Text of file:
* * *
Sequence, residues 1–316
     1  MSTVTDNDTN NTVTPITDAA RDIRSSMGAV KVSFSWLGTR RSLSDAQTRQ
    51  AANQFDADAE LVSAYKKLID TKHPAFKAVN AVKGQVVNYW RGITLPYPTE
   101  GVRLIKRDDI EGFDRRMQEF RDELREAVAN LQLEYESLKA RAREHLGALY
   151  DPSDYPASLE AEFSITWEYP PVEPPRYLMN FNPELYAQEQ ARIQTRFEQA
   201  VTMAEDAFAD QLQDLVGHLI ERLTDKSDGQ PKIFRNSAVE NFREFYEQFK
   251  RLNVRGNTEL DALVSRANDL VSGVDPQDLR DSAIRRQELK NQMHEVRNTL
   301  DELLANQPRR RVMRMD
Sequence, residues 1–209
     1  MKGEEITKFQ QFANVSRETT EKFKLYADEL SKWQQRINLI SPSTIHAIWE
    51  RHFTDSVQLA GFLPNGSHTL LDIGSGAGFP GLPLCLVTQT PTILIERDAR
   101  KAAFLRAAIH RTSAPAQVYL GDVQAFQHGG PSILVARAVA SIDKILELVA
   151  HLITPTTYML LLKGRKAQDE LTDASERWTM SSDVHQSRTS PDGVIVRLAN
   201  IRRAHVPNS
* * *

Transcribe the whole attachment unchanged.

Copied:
Sequence, residues 1–316
     1  MSTVTDNDTN NTVTPITDAA RDIRSSMGAV KVSFSWLGTR RSLSDAQTRQ
    51  AANQFDADAE LVSAYKKLID TKHPAFKAVN AVKGQVVNYW RGITLPYPTE
   101  GVRLIKRDDI EGFDRRMQEF RDELREAVAN LQLEYESLKA RAREHLGALY
   151  DPSDYPASLE AEFSITWEYP PVEPPRYLMN FNPELYAQEQ ARIQTRFEQA
   201  VTMAEDAFAD QLQDLVGHLI ERLTDKSDGQ PKIFRNSAVE NFREFYEQFK
   251  RLNVRGNTEL DALVSRANDL VSGVDPQDLR DSAIRRQELK NQMHEVRNTL
   301  DELLANQPRR RVMRMD
Sequence, residues 1–209
     1  MKGEEITKFQ QFANVSRETT EKFKLYADEL SKWQQRINLI SPSTIHAIWE
    51  RHFTDSVQLA GFLPNGSHTL LDIGSGAGFP GLPLCLVTQT PTILIERDAR
   101  KAAFLRAAIH RTSAPAQVYL GDVQAFQHGG PSILVARAVA SIDKILELVA
   151  HLITPTTYML LLKGRKAQDE LTDASERWTM SSDVHQSRTS PDGVIVRLAN
   201  IRRAHVPNS